In purely economic terms, mortgage arrears can pose a risk to the stability of banks and limit households’ future access to credit. Moreover, arrears have social ramifications: they reduce aspects of households’ well-being and health, and addressing such negative effects can lead to a requirement for higher social spending by governments. It is therefore important to identify the drivers of arrears and design policies to reduce them. We use a European household data-set to analyse what drives arrears. Controlling for household characteristics such as age and education, we find that affordability problems, such as unemployment, low income and high mortgage payments, matter. Households facing the dual trigger of affordability problems and negative equity are more likely to go into longer- term arrears. We also find that households in Cyprus and Greece are particularly prone to miss mortgage payments, while those in the United Kingdom and Belgium are very unlikely to do so. Generally, arrears tend to be higher in poor countries and where investors’ rights are poorly protected.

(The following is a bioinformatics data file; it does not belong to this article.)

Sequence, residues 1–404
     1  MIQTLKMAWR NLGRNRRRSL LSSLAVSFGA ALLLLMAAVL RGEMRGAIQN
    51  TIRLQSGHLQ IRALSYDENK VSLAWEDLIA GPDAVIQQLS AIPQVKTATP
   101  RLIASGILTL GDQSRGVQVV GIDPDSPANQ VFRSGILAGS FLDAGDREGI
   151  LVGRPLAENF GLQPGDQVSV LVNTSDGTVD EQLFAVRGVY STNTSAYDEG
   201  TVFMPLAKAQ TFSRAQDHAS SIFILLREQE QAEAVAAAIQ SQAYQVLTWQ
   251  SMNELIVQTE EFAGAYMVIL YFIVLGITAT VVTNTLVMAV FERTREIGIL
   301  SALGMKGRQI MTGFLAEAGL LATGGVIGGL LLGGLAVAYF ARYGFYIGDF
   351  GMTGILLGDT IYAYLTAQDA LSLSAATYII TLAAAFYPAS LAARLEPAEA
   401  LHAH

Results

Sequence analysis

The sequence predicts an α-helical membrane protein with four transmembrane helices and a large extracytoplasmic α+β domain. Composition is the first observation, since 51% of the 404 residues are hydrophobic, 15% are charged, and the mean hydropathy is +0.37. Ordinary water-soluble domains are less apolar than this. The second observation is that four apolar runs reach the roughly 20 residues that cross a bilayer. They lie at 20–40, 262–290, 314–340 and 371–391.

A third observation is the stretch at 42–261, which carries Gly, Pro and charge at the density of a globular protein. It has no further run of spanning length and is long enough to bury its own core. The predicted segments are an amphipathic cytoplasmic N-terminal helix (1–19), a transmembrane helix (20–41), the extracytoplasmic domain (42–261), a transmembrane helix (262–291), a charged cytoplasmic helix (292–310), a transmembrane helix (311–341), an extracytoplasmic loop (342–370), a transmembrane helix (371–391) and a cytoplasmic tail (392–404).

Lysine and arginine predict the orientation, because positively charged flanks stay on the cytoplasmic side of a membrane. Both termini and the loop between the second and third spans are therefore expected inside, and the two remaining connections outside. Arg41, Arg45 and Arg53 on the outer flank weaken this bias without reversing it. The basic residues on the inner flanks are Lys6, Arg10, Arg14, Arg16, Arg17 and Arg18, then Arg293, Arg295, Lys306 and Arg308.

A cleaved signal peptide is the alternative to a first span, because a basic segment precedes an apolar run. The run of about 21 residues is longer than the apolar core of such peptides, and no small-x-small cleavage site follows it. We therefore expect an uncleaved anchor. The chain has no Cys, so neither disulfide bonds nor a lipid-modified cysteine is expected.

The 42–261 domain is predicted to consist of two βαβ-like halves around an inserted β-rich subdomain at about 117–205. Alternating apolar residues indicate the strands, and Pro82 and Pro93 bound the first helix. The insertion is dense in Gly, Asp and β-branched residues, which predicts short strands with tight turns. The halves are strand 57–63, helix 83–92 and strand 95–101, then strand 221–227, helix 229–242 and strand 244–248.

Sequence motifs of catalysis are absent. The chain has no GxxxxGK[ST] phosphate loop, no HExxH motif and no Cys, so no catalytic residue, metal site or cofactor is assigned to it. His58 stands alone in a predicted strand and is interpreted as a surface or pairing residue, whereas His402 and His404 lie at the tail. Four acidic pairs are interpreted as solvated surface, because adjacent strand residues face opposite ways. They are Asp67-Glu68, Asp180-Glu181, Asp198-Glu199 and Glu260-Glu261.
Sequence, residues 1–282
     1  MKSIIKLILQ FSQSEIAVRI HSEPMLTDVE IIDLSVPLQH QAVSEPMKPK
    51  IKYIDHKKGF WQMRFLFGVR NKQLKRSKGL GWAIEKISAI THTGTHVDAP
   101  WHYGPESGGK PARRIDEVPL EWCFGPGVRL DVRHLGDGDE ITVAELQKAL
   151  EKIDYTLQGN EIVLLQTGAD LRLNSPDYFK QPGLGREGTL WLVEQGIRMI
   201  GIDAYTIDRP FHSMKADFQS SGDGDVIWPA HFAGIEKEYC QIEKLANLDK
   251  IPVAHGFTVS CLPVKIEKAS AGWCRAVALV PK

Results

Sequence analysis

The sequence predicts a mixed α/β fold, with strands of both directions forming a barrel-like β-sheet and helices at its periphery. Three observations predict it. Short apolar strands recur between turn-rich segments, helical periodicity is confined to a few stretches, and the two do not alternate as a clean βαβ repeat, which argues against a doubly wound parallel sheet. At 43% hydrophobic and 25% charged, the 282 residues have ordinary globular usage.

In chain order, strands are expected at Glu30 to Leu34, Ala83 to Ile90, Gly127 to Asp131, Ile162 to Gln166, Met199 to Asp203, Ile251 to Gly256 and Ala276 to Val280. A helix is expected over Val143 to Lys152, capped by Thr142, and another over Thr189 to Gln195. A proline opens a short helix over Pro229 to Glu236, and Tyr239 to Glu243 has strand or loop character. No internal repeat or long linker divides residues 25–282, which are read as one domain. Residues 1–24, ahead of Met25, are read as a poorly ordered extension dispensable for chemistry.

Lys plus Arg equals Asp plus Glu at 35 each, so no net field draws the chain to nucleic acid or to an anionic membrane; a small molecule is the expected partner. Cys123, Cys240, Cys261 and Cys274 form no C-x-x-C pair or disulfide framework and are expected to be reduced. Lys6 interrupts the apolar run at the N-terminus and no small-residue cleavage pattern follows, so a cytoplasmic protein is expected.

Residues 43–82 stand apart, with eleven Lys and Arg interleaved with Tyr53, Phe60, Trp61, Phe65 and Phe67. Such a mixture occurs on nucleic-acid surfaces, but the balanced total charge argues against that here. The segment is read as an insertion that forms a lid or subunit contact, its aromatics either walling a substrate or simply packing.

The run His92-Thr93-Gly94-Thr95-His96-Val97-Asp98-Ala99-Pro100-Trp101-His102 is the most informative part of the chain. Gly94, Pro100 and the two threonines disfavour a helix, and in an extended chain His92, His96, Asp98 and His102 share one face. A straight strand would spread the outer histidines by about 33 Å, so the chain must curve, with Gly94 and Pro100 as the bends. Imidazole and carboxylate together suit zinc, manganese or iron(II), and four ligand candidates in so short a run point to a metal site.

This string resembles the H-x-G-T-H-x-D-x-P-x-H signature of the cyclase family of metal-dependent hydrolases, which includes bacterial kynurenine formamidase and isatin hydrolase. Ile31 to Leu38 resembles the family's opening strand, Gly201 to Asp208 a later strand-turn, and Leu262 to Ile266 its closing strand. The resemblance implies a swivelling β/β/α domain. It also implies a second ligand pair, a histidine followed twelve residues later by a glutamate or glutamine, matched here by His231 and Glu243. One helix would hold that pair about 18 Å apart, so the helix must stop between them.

ESRI Series Number: 201743 Research Area:Macroeconomics Date of Publication: August 22, 2017 Published Online: August 22, 2017 Publisher: Routledge View External Link
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